Ever since I started using inquiry Maths in the academic year 2017/2018, I have purposefully tried to use it where I can. I am currently in the middle of a fractions unit with my year 7s and the next lesson was to add fractions with different denominators. I am quite confident that most (if not all) of my year 7s will have met adding fractions before hand and so I wanted to do something that was a little but different. The inquiry ‘two unit fractions add together to make a unit fraction’ seemed like a great activity to use. To see more details go to http://www.inquirymaths.org/home/number-prompts/unit-fractions

I presented the inquiry In the form of fractions rather than words and placed this on a board. On my other board, I placed the question stems and in pairs, gave my students 5 minutes to write down comments and questions. I then ask the students for their thoughts and comments and place them around the inquiry. The comments and questions that my class came up with are below:

From here, we discussed what p and q mean using the example on the board with the sevenths. So we discussed that it is possible for p and q to be the same number. We also discussed that p and q can be different numbers and then I did a whole class example. We went through 1/4 + 1/3 and discussed why this example did not work. I then handed out the A3 guided sheet for the students to work through and I left them to find examples that work and did not work for themselves. The only proviso was that the students needed to show their working out in their books but only needed to write down their fractions on the sheet.

As the students were working, I circulated the room listening to their conversations and prompting where needed. Some students realised very early on that if they added the same fraction (as long as the denominator was even) then they would also get a unit fraction for an answer. For these students, I encouraged them to move away from this and see if it was possible to add two unit fractions that had different denominators. Some students asked me if they could use negative fractions. I asked them did the question specifically say they couldn’t and they said now and eagerly went about using negative fractions, This in itself is a great concept for students to gather early on. I have seen many times how students in older years are confused by the notion of negative fractions because maybe it isn’t a concept we always use when working with fractions, The fact that the students decided to use negative fractions for themselves is hopefully a concept they will now remember.

As I was walking around, I came upon a debate between two students. They were debating whether an answer of 1 was an example that worked or an example that didn’t work. This was a great time to discuss integers and writing them as fractions. I posed the question, is it possible to write the number 1 as a fraction? The students thought and said that it was. I asked what would the numerator be and what would the denominator be and they soon concluded it could be written as 1/1. This concept turned out to be a concept that not all of my students were familiar with and it was an excellent opportunity to be able to discuss integers and that every integer has a denominator of 1.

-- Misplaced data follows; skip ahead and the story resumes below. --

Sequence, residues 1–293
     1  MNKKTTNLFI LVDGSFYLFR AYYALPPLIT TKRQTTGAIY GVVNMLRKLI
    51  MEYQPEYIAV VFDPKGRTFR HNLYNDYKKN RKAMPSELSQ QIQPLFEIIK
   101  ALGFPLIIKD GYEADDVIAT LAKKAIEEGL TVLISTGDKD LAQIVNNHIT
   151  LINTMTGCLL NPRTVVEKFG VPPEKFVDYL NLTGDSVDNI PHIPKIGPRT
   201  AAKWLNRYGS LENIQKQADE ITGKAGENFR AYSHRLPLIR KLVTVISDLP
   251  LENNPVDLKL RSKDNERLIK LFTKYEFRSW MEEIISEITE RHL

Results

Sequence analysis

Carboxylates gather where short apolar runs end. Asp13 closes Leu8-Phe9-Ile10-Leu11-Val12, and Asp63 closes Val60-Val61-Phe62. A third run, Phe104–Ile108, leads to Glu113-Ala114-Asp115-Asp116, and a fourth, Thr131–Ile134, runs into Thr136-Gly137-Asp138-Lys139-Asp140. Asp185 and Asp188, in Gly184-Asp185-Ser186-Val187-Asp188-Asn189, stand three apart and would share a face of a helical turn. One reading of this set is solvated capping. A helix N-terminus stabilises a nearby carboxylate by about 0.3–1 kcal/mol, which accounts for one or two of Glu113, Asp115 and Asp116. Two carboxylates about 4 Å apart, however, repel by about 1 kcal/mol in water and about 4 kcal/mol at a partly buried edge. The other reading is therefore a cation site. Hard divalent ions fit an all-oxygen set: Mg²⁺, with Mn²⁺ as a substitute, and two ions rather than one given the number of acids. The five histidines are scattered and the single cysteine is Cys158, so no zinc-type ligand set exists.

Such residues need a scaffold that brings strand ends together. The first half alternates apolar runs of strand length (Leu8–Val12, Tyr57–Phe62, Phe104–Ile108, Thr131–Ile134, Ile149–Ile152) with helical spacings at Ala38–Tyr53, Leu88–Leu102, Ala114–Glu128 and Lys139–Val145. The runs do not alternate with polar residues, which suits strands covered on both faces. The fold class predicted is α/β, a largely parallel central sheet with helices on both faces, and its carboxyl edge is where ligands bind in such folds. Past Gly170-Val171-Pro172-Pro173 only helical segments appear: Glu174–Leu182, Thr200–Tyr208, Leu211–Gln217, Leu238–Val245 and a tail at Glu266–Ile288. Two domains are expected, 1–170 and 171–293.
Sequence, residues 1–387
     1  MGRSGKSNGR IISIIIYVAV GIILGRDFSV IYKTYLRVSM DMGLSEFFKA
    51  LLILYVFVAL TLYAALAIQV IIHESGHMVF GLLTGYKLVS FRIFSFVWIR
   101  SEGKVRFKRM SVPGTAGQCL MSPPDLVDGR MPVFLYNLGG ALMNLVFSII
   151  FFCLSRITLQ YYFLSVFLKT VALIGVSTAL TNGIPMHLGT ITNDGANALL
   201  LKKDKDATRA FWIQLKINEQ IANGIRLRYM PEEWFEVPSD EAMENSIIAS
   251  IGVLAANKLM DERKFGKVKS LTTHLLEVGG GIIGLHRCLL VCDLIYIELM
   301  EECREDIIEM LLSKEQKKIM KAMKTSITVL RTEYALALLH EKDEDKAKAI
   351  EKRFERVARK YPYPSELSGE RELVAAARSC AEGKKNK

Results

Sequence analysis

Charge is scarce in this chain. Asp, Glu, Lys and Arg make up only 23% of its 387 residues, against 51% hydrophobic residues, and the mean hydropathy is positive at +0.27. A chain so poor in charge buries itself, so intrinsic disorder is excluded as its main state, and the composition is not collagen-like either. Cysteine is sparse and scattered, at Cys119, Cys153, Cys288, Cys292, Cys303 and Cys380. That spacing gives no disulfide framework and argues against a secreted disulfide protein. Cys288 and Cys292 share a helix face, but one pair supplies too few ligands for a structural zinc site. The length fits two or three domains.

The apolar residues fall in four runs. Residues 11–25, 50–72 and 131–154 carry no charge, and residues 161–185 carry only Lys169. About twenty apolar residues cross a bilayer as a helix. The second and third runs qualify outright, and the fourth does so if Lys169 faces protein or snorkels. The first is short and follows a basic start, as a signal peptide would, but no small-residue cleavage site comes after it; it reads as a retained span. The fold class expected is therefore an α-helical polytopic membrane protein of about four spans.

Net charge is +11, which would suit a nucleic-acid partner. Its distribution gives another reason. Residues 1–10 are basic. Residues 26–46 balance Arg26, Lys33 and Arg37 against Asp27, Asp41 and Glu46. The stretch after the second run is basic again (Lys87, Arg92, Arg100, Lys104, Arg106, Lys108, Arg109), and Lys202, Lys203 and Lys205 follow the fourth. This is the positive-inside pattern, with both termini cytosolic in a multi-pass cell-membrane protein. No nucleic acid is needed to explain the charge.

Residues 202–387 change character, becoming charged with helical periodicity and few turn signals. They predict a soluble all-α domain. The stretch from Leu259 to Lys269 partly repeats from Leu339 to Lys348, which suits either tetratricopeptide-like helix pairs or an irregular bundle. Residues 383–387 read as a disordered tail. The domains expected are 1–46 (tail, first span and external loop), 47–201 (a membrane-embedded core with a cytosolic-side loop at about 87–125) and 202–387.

Below are examples of the work that the students completed:

You can see from the examples above how inquiry maths encourages students to seek connections and think about why examples work and why examples don’t work. It also encourages them to assess their own thoughts and allows them the space to change their mind about earlier connections they thought they had seen. This allows the classroom to become a safe space for them, in which they can investigate, look for connections and know that it is ok for earlier assumptions and thoughts to be wrong.

This particular inquiry allowed the students to practise adding fractions (which was the skill that was needing to be practised) but presenting the skill in a different way allowed for the students to develop their problem solving and thinking skills. It also allowed for discussions that may not have taken place had we just practised adding fractions in a more traditional approach i.e. an integer being written as a fraction and negative fractions.

Once again I am pleased that I used an inquiry with my students. I always think that they gain a lot from these tasks in terms of both skills and developing their own thoughts and independence. I do use the guided sheets to help structure the inquiry as at present, this is only the second inquiry my year 7s have completed. As they undertake more inquires it would be good to slowly take the scaffolding away and allow the students more freedom to inquire such as changing the prompt.

I highly recommend this prompt for any teacher of year 7 who is teaching adding fractions as a way of revising content but presenting it in a fresh way. The power point presentation I used is here inquiry the sum of two unit fractions is always a unit fraction and the guided sheet is here the sum of two unit fractions is a unit fraction

 

 

 

 

 

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